Teacher/ Student Contact – In high school, contact is closer & more frequent (5 days/week). In college, faculty are available during office hours (only a few hours a week) and by appointment to address students’ concerns.
Competition/ Grades – In high school, academic competition is not as strong; good grades can often be obtained with minimum effort. In college, academic competition is much stronger; minimum effort may produce poor grades.
Status – In high school, students establish a personal status in academic and social activities based on family and community factors. In college, students can build their status as they wish; high school status can be repeated or changed.
Counseling/ Dependence – In high school, students can rely on parents, teachers, and counselors to help make decisions and give good advice. Students must abide by their parents’ boundaries and restrictions. In college, students rely on themselves; they see the results of making their own decisions. It is their responsibility to seek advice as needed. Students set their own restrictions.
Motivation – In high school, students get motivation to achieve or participate from parents, teachers, and counselors. In college, students apply their own motivation to their work and activities as they wish.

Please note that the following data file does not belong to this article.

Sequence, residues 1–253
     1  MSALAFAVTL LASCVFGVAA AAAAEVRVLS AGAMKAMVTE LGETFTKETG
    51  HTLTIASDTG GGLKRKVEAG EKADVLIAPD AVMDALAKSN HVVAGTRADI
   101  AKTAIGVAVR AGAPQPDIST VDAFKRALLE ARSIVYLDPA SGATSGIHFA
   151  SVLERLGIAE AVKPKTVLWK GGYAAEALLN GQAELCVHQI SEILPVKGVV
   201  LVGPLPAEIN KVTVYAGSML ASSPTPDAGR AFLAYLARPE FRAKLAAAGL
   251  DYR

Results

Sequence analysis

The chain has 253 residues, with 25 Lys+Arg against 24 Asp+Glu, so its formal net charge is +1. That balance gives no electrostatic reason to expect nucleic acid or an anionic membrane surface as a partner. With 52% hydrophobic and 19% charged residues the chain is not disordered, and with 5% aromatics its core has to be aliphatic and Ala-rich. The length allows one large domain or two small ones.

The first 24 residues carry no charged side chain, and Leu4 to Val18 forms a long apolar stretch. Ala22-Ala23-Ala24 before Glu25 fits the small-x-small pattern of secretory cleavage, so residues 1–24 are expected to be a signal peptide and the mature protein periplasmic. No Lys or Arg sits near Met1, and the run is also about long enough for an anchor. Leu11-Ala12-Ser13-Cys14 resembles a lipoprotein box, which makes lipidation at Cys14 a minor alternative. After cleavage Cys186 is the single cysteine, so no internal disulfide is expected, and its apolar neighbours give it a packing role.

Freedom – In high school, students have limited freedom. Parents will often help students out of a crisis should one arise. In college, students have much more freedom. Students must accept responsibility for their own actions.
Distractions – In high school, there are distractions from school, but these are partially controlled by school and home. In college, the opportunity for more distractions exists. Time management will become more important for students.
Value Judgments – In high school, students often make value judgments based on parental values; thus, many of their value judgments are made for them. In college, students have the opportunity to see the world through their own eyes and develop their own opinions and values.
Assistance for Students with Disabilities – In high school, students with IEPs or 504 Plans receive tutoring and study support as a service of their Plan. In college, tutoring DOES NOT fall under Disability Support Services and modifications/ accommodations are NOT transferred from the high school to college. Students with disabilities must initiate contact with Disability Support Services to discuss resources available to them or seek tutoring on their own.
Instructor Freedom – In high school, teachers are given a set curriculum but may modify the curriculum and/ or pace of assignments; modify grading. In college, instructors are NOT required to teach material uniformly nor are they required to alter assignment grading or deadlines.